Northwest Arkansas and Fort Smith metro hospitals recently expanded their work to improve maternal health outcomes during pregnancy and postpartum.
According to the most recent statistics assembled from 2018-2020, Arkansas averages 40 maternal deaths per 100,000 births, ranking the state 50th among 50 states.
On Aug. 30, the University of Arkansas for Medical Sciences announced a statewide hospital collaboration that aims to prevent maternal deaths. More than 35 hospitals are part of the Arkansas Perinatal Quality Collaborative.
Following are the Northwest Arkansas hospitals in the collaborative: Baptist Health–Fort Smith, Mercy Hospital Fort Smith, Mercy Hospital Northwest Arkansas, Northwest Medical Center – Bentonville, Siloam Springs Regional Hospital, Washington Regional Medical Center and Willow Creek Women’s Hospital.
In its first initiative to prevent maternal deaths, the collaborative will work with hospitals over the next two years to reduce cesarean deliveries for low-risk pregnancies. Arkansas ranks 14th in the nation in cesarean deliveries, according to the Centers for Disease Control & Prevention. These deliveries can increase a patient’s risk of infections, blood clots and complications in future pregnancies.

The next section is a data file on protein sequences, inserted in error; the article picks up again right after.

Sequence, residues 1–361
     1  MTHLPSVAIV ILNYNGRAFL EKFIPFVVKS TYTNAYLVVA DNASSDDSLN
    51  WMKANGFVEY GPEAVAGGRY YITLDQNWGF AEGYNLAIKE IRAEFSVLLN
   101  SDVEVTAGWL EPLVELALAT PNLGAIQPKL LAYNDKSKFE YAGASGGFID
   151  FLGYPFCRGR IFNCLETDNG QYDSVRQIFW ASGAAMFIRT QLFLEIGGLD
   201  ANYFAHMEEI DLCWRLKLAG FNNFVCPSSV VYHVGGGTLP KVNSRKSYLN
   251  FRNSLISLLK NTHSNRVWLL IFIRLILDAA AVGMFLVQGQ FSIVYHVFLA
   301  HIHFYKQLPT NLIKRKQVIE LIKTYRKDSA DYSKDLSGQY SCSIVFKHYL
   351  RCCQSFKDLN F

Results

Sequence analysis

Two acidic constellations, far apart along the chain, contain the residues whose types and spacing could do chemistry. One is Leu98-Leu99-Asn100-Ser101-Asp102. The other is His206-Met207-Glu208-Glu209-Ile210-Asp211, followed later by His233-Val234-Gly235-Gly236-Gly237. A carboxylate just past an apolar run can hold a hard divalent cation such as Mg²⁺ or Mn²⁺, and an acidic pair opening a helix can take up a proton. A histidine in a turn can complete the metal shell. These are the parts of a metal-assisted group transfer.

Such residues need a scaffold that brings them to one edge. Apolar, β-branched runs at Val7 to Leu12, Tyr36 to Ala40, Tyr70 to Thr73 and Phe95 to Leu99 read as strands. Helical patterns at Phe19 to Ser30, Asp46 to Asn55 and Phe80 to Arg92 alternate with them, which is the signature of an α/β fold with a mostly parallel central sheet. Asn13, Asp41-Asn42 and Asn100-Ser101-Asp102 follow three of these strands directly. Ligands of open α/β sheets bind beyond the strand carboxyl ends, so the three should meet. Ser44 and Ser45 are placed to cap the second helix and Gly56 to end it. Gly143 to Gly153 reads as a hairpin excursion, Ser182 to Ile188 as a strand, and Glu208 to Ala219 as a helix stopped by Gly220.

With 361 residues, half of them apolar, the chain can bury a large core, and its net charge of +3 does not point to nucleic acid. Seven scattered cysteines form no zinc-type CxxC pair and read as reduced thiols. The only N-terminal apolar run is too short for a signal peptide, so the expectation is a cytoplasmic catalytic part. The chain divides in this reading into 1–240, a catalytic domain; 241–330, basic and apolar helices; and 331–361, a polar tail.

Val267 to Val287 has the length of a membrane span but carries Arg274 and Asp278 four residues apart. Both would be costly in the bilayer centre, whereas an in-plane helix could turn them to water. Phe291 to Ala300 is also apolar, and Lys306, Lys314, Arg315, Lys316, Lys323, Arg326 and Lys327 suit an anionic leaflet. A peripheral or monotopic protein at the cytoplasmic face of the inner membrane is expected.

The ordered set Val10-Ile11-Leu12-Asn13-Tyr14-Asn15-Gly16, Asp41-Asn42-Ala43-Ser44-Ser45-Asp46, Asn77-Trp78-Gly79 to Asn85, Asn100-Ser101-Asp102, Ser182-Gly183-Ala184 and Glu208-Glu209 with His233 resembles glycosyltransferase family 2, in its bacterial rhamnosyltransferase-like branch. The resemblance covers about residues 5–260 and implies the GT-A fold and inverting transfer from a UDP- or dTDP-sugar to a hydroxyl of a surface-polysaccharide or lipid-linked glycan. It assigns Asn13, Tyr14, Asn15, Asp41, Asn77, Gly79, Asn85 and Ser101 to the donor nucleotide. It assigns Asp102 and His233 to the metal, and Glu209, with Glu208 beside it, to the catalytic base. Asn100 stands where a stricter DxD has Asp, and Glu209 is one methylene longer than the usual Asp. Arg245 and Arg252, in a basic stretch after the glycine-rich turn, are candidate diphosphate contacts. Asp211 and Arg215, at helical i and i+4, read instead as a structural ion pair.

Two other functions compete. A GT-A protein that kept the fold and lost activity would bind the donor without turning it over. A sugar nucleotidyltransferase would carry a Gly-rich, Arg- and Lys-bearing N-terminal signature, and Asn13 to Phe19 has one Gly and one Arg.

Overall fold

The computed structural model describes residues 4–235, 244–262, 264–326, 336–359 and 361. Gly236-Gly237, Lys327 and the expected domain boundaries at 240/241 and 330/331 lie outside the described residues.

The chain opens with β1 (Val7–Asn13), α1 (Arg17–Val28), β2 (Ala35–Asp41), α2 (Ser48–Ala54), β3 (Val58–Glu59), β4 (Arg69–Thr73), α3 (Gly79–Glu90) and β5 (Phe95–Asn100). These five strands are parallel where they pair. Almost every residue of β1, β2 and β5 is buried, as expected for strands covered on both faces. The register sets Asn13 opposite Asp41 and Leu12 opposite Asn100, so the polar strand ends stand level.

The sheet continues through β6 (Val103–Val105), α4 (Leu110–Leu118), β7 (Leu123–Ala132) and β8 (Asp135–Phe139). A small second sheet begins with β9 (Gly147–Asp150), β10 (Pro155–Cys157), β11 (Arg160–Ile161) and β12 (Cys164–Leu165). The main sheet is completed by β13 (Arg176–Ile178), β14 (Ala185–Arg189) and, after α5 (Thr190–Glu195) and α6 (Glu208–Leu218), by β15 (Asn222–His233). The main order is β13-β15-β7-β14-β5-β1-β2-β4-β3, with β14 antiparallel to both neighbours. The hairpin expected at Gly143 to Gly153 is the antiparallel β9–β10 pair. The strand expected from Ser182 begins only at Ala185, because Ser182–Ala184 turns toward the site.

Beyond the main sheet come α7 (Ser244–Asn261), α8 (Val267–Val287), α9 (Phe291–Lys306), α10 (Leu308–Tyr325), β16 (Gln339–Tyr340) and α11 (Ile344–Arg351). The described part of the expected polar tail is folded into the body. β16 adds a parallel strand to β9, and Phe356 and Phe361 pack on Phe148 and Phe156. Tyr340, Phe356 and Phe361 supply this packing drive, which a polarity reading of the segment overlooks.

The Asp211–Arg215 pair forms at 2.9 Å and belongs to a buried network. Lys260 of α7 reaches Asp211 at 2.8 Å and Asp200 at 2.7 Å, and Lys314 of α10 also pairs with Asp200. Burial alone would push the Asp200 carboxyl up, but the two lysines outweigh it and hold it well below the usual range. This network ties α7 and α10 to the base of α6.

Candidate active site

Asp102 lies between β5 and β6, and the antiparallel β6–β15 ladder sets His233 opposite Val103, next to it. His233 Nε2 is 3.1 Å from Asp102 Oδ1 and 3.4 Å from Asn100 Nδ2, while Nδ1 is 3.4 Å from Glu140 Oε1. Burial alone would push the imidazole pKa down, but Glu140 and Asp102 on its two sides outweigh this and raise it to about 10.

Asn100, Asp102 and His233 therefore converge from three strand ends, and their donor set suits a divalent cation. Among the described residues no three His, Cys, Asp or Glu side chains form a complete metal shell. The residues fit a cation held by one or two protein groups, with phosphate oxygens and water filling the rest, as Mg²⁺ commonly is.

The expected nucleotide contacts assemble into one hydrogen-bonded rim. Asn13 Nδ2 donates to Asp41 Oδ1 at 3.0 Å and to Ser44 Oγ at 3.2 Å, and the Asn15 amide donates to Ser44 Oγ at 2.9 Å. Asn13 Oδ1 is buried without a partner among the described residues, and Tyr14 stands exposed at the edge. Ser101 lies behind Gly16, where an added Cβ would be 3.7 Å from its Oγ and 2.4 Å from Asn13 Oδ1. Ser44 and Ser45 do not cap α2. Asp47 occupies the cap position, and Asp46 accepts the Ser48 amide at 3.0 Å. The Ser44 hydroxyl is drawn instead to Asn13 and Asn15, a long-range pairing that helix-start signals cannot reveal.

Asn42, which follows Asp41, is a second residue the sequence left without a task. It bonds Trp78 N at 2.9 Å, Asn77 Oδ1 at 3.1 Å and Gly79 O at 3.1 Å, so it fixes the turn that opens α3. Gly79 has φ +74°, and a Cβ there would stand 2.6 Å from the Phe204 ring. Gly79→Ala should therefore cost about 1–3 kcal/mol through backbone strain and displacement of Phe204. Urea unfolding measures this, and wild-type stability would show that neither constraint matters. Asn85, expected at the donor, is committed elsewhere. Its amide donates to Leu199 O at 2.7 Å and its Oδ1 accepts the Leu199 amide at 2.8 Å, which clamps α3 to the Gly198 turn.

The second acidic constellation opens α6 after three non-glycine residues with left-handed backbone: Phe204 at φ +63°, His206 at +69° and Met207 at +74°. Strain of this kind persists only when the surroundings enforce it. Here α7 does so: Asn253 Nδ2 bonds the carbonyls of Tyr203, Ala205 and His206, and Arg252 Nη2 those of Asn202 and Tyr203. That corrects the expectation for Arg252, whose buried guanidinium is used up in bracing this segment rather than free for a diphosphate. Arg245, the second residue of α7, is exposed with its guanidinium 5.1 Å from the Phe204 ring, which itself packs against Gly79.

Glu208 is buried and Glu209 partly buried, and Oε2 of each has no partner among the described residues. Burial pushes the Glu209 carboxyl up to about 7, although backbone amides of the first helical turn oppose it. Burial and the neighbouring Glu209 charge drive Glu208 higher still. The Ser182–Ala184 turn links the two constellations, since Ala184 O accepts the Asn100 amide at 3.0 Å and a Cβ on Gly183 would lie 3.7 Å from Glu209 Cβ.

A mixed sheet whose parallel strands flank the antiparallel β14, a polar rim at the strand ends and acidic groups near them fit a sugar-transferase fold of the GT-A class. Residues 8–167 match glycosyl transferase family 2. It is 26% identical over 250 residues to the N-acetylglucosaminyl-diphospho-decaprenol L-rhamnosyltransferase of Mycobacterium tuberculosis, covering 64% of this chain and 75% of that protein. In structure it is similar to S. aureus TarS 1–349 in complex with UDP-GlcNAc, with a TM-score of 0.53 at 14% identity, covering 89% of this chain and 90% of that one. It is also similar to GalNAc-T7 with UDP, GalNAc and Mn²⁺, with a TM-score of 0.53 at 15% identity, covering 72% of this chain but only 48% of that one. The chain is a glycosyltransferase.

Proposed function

The collaborative provides education and resources to health providers at participating hospitals to promote high-quality maternity care. It will determine its next initiative based on provider input.
In another effort to address maternal health, Northwest Health recently expanded its maternity bracelet program to include Northwest Medical Center – Bentonville and Siloam Springs Regional Hospital. The goal of the program, which also includes Willow Creek Women’s Hospital, is to extend care beyond the hospital after new mothers leave the building. The program encourages postpartum mothers to wear a silicone bracelet for up to a year that shows where they delivered their child in the event of an emergency.
“Northwest understands that 53% of pregnancy-related deaths occured from seven to 365 days postpartum,” said Keilia Kelly, labor and delivery supervisor at Northwest Medical Center – Bentonville. “The bracelets are a reminder of recent delivery for all providers. We are educating EMTs, emergency departments and convenient care clinics to be mindful of these bracelets and recognize a mother’s postpartum status.”